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Pseudohypoparathyroidism: application of the Italian common healthcare-pathway for a homogeneous clinical approach and a shared follow up

Abstract

Background

Pseudohypoparathyroidism (PHP) represents a heterogeneous group of rare endocrine disorders caused by (epi) genetic abnormalities affecting the GNAS locus. It is mainly characterized by resistance to PTH and TSH, and by peculiar clinical features such as short stature, obesity, cognitive impairment, subcutaneous ossifications and brachydactyly. Delayed puberty, GHRH and calcitonin resistances have also been described. The healthcare-pathway recently proposed by the Italian Society of Pediatric Endocrinology and Diabetology (ISPED) has provided a standardized clinical approach to these conditions. The purpose of the present study was to evaluate its application in clinical practice, and to collect data for setting future specific studies.

Methods

Through a semi-structured survey, based on the indications of the care-pathway, data on PHP clinical management were collected. The compilation of each data in the survey was read as an index of the adoption of the healthcare-pathway in clinical practice.

Results

In addition to the proposing Center, 4 Centers joined the study, thus obtaining a large collection of data on 48 PHP patients. Highest rates in the completion of data were obtained for diagnostic history, auxological measurements and subcutaneous ossifications evaluation. As expected, the availability of data for the other investigated fields was lower, coming from recent research studies. More information has been obtained on hormonal resistance classically involved in PHP (PTH, TSH, GHRH and GnRH) and on cognitive impairment, while a few data has been collected on bone mineral status, calcitonin levels and glucolipid metabolism.

Conclusions

The presented data show that the ISPED healthcare-pathway could represent a valid tool both to confirm the clinical approach to PHP patients and to allow homogeneous data collection; however, it has not yet been fully adopted. The strengthening of the network among the major Italian Endocrine Centers will contribute to improve its application in clinical practice, optimizing the follow-up of these patients and increasing knowledge on PHP.

Background

The term Pseudohypoparathyroidism (PHP) identifies a heterogeneous group of hereditary disorders caused by (epi) genetic [1] alterations affecting the GNAS locus, on chromosome 20q13 [2, 3] Within this locus, the homonymous gene encodes for Gsα protein, which is involved in the intracellular signal transduction of multiple peptide hormone signals and whose altered function explains the complex clinical manifestations affecting PHP patients [4]. In particular, these disorders are mainly characterized by the resistance to biological actions of the parathyroid hormone, resulting in hypocalcaemia and hyperphosphataemia, in the presence of high PTH levels [5]. Resistance to TSH is also frequent and often represents the first manifestation of the disease, even detected by neonatal screening [6, 7]. Resistance to other multiple hormones such as GHRH [8,9,10], GnRH [11], calcitonin [12] and insulin [13] is variably observed in PHP patients [14].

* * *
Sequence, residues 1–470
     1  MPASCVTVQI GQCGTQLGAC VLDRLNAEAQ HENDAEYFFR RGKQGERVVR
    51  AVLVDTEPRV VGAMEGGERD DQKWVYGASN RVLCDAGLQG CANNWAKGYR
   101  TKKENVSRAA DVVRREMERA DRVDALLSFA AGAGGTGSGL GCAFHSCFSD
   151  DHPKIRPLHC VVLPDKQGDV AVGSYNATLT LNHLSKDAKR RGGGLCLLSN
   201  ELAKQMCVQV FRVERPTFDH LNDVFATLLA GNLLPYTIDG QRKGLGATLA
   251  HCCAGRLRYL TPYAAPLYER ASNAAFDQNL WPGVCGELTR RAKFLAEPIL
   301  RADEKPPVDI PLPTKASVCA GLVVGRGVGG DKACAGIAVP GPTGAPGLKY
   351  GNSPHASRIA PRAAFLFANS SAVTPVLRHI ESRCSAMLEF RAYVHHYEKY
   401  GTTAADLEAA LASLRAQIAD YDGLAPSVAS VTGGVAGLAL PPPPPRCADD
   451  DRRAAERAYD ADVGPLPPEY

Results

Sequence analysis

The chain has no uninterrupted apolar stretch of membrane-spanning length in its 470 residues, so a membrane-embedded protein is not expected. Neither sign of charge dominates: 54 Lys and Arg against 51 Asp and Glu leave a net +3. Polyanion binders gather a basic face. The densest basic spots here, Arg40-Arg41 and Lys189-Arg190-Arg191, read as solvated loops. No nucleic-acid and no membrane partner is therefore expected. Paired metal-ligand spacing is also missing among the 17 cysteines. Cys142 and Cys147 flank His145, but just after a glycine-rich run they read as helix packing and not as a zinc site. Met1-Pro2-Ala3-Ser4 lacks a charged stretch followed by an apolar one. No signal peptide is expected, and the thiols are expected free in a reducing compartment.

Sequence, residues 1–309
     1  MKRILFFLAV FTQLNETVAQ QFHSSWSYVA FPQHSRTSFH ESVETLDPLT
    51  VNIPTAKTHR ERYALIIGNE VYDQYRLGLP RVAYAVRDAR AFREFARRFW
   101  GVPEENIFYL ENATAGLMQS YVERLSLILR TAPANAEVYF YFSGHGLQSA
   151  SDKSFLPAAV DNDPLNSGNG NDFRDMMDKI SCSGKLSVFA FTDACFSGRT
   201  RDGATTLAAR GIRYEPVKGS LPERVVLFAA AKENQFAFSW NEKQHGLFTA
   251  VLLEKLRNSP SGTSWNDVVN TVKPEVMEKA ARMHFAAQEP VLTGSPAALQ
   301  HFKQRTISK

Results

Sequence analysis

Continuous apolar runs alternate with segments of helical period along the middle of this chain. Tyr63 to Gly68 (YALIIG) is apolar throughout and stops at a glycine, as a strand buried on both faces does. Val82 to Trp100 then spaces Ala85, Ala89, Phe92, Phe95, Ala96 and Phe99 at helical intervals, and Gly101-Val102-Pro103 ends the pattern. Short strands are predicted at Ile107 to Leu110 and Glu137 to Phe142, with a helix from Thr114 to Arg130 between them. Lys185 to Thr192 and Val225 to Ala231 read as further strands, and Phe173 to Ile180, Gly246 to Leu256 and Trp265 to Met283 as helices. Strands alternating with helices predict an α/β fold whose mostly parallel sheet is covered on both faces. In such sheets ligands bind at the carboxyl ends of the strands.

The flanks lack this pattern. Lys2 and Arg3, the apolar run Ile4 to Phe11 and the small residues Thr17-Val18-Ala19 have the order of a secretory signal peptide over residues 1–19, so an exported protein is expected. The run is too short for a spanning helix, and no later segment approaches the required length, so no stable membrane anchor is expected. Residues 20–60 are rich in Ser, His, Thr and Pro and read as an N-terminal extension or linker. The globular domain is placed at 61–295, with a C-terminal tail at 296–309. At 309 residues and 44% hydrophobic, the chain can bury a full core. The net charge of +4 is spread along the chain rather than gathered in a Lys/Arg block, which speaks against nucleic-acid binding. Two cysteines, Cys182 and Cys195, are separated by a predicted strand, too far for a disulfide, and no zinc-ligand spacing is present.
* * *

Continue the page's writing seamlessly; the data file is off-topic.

The historical classification of PHP differentiated PHP I from PHP II on the basis of the variation in urinary cAMP levels after exogenous administration of synthetic PTH [15, 16], and further distinguished PHP I in type a, b and c [17], on the basis of hormonal resistances and the presence of the Albright Hereditary Osteodistrophy phenotype [18, 19], which includes peculiar physical features such as short stature, early onset obesity, round face, mental retardation, subcutaneous ectopic ossifications and brachydactyly (Table 1). However, subsequent studies have highlighted both a clinical and molecular overlap among the classically described PHP subtypes [20, 21], therefore a new classification has been proposed by an European network of experts on PHP. The nomenclature “Inactivating PTH/PTHrp signalling disorders” (iPPSDs) has been introduced to encompass all the disorders related to this path [22]. The major criteria proposed for clinical diagnosis currently include resistance to PTH, ectopic ossifications and brachydactyly. Minor criteria are represented by resistance to TSH and other hormonal resistance, motor and cognitive impairment, intrauterine and postnatal growth restriction, obesity or overweight and facial dysmorphism. Compared to the previous classification based exclusively on the phenotype, iPPSDs can be further classified from iPPSD1 to iPPSD6 accordingly to the underlying molecular (epi) genetic defect, thus achieving an accurate clinical-molecular definition of each condition (Table 2).